The Benefits & Pitfalls Of Logging Your Food Intake

I'm surprised at how little concern we have for what we are putting into our mouths compared to other activities. It's one of the most important decisions that we make daily, that can influence everything: from our mood and energy levels to long term health, both mentally and physically. And yet most of us tend to rely on hearsay and "stuff we read online" or patterns that we have observed in other successful people, instead of getting hard data about what works and what doesn't. Because there is no silver bullet that works for everyone. We choose our loans based on numbers. We choose our rent, the products in our supermarket basket, our car, our vacations and our plane tickets. Yet, we fail to apply the same principles to food. Moreover, food takes up a significant chunk of our day: from buying the ingredients, preparing it (or ordering it) to eating it.
In this article, I'm going to talk about the benefits and pitfalls of logging your food. I've been doing this for 9 months, with awesome results: 23 kg lost (50 lbs) and a diet that suits my lifestyle better with much higher energy levels. While it might turn out to be a challenging journey, you can draw conclusions from my own example about the rewards.

Who I Am And How It Started

Right now, I'm a software engineer. And before that, I used to do a lot of hardcore maths for days on end. Numbers are a natural and crucial part of my life, and yet somehow I felt it's "not right" to track my expenses and never even considered logging my food intake. I always thought that I cannot be bothered with such a mundane and boring task. My body works really well anyway. Or does it?

I guess in the back of my mind I was always afraid to quantify what was going on in my belly. I knew I was eating too much, but how much is too much, you can never know. Or at least until you measure. This is how an actual meal looked 9 months ago (actual guilty pleasure picture!):

I was bouncing between lack of sleep, poor nutrition and extremely high caffeine intake, trying to drag myself into the next day. Each day of the week.

What Tipped Me Off

I had been frustrated for years on end that I am so ambitious about my mind, but not about my body. I guess I'm not the only one out there with the same problem. So I realised that instead of changing the direction of my ambitions, I should find a way to tap into them and use them to improve my body. So what better way than to feed my brain with data about my body? And come to think of it in retrospect, that was pretty obvious.

But enough about philosophy already. Coming back from Vancouver, at the beginning of March 2014, I hopped on a scale. And I was shocked. For the first time in my life, it was over 100kg (225 lbs). If you ever were overweight during school, you can remember the giggles of your colleagues when your sports teacher would weigh you once at the beginning of the school year.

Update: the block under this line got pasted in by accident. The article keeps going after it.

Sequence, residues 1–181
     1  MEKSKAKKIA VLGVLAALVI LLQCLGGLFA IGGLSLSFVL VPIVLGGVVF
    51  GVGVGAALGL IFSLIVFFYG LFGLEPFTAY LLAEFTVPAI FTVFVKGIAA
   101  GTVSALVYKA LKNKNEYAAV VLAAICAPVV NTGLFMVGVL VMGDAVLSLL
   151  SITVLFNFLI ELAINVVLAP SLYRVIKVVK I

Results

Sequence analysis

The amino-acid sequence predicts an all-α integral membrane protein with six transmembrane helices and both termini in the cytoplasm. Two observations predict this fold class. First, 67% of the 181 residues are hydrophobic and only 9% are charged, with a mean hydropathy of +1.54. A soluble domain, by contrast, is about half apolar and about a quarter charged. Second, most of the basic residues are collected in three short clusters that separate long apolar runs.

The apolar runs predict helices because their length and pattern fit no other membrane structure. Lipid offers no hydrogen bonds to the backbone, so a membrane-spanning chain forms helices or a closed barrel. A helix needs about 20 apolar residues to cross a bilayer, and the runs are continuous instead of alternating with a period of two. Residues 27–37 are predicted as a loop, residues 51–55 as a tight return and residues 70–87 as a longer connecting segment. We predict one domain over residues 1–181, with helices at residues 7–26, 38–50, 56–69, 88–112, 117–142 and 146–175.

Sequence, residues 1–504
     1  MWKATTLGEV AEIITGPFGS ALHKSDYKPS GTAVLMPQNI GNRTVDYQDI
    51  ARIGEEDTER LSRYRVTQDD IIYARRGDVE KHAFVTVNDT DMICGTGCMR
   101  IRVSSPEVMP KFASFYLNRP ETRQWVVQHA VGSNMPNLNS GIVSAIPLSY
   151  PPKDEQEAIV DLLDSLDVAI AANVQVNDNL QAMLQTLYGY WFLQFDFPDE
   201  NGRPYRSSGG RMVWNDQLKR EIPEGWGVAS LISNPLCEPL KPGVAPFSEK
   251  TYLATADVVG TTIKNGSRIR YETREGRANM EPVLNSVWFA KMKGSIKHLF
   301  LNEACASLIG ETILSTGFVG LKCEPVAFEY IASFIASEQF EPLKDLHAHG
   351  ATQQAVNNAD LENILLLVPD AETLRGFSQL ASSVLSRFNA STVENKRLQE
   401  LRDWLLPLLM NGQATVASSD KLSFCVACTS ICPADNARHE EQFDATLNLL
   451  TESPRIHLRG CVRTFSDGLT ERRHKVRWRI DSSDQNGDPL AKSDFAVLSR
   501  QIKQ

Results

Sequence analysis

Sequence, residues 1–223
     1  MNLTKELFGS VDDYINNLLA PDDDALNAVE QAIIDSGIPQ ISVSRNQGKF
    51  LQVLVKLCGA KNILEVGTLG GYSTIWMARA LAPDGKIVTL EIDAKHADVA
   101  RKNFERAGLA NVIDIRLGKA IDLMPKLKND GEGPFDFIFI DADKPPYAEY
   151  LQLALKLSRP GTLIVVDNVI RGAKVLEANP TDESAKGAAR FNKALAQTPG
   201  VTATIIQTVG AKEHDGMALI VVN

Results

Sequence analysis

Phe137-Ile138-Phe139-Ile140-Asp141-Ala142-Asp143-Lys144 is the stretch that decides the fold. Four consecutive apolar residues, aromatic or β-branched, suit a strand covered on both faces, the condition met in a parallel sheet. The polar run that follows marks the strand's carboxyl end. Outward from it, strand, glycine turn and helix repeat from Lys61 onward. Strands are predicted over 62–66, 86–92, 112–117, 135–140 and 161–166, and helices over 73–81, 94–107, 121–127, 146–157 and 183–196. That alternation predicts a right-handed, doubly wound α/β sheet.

But now there was no giggling. I was on my way to turning 30, and I had frequent knee pains and noticed how inefficient my body was compared to others during my Qwan Ki Do trainings. While others could do tens of push-ups or gracefully go through tens of minutes of intense practice, I would get tired very easily and give up or be the last in most exercises. In day-to-day activity it wasn't so noticeable, especially since I covered it up with coffee. But I knew that this wasn't leading anywhere and that the future did not look bright at all.

Benefits Of Logging What You Eat

Looking back, I wish I had known more about the benefits of logging my food. Not only would I have been more encouraged, but I would have seen the bigger purpose in doing it:

Understanding What Comes In. After studying the nutritional values of literally hundreds of foods that entered my system for the past 9 months, I was surprised more often than you would imagine. Looking back, I realise that most of my impressions of what is good or what is bad in terms of food were previously derived from other people's informal opinions. Just to give one quick example, I love red watermelon. Which is marketed as having "almost no calories at all" (because it's "fruit"). However, one keyword search away in any food database is the information that it contains huge amounts of sugar. Still not a whole lot of calories, but I guess it isn't sustainable to eat 1-2 kg each day during the summer :) It makes a lot of sense, but I had never thought about that.

Also, my beloved mushrooms. As part of my transformation (from an 102kg/225 lbs programmer lacking energy to the fit and energetic me), I gave up eating meat almost completely. This meant that I had to pay attention to the amount of protein that I was eating. Mushrooms popped up in the top of high-protein foods, together with cheese. Since I already loved eating them, I decided to do it more frequently since now I also had a good reason.

Raising Awareness About Nutritional Contents. After you start getting more energy, you'll soon realise that calories are the least important part of the equation. Leaving aside certain nutritional needs that are specific to each person's diet (for example, make sure that you are getting enough proteins if you aren't eating meat), exploring the nutritional values of foods that I usually eat has taught me a whole lot.